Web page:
However, the real Kodak moment came after the performance when I "ran into" (a.k.a. waited in line to meet) Duterte and the band at a meet-and-greet tent off to the side of the main stage. As I was handing her an Icelandic króna note to sign (it was the most valuable piece of paper I had on me), we made eye contact, and I blurted out the most overwrought compliment that came to mind: "You're saving dream pop!"

No smirk is more vividly implanted in my head than Duterte's after hearing me say that.

"Did it really need to be saved?" she responded. Checkmate. I felt a little silly, but it happens. I was a 19-year-old music nerd overwhelmed by meeting someone I genuinely admired, and she could tell. We took a picture and went our separate ways.

Two years later. Duterte is gearing up to begin her new album cycle, and I'm entering my last year in college. I get the chance to interview her, and obviously, I have to bring this up. I think long and hard about how I'm going to spin this into a question that isn't just "Do you remember me?" So, I reach and come up with something about how terms like "dream pop" and "bedroom pop" get summoned so often when writers discuss her music. Shouldn't that just grind her gears?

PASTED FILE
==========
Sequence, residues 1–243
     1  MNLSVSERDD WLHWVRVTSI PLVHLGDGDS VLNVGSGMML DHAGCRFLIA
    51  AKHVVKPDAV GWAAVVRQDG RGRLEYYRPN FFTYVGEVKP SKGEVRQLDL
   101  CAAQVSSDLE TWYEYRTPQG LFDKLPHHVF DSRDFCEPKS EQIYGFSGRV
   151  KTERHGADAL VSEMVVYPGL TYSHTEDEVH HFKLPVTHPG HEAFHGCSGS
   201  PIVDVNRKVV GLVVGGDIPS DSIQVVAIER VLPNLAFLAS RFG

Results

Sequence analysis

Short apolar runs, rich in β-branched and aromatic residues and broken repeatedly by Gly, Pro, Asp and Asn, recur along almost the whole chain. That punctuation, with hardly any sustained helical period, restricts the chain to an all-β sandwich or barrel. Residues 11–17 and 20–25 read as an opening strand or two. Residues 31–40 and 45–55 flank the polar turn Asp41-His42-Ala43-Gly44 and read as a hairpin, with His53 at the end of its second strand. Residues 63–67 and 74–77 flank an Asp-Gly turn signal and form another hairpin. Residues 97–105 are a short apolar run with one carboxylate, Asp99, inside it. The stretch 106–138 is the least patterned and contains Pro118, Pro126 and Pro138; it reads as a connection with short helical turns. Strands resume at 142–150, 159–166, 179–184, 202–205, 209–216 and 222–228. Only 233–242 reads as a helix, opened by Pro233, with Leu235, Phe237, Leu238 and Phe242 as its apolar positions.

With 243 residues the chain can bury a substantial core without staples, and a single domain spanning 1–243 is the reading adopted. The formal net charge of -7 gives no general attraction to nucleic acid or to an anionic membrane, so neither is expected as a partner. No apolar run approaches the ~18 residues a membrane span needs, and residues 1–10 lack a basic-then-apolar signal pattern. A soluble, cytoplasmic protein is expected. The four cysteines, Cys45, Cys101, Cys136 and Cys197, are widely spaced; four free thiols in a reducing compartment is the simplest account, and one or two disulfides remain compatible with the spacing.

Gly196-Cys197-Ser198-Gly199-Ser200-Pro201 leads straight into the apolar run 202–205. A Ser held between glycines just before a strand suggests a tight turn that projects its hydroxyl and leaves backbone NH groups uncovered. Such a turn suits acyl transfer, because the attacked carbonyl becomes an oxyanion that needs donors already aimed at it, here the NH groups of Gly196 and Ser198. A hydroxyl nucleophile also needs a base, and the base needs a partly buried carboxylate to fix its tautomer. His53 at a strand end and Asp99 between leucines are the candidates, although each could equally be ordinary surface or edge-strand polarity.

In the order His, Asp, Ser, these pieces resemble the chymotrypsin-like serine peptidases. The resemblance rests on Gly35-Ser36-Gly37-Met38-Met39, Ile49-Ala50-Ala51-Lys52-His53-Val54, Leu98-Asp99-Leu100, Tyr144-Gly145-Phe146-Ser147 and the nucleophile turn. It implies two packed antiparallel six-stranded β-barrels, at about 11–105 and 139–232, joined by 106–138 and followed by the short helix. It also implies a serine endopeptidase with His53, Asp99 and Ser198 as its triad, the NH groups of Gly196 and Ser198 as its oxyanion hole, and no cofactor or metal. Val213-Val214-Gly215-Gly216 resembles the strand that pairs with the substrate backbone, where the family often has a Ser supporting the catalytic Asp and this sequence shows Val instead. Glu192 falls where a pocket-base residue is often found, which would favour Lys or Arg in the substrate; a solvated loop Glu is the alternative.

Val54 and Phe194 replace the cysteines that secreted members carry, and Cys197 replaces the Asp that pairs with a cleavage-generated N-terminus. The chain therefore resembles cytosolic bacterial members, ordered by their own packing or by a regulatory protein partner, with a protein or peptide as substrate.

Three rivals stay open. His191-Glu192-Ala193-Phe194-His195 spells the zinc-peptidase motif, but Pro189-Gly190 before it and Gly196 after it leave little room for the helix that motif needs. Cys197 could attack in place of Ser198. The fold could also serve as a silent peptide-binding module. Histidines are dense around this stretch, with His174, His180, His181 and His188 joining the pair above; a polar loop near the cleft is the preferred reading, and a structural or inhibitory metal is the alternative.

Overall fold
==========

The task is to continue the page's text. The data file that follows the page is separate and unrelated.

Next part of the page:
Her response is refreshingly honest. "I'm not gonna deny it. Sometimes I make something and think 'Oh my god, this shit is dream pop, and sometimes I'm like 'this is shoegaze as hell.' That's my favorite music. That's what I grew up on." She's not hiding from "dream pop", even if she isn't necessarily saving it. Thank god.

"Bedroom pop", on the other hand, is one she can't wrap her head around. "That's something I'm grappling with because you see people like Clairo and a bunch of artists that are called "bedroom pop", but, by definition, they're not. It's kinda like how people back in 2009 were calling "lo-fi" a genre, even though it's not one at all. It's just the means of how people have to record."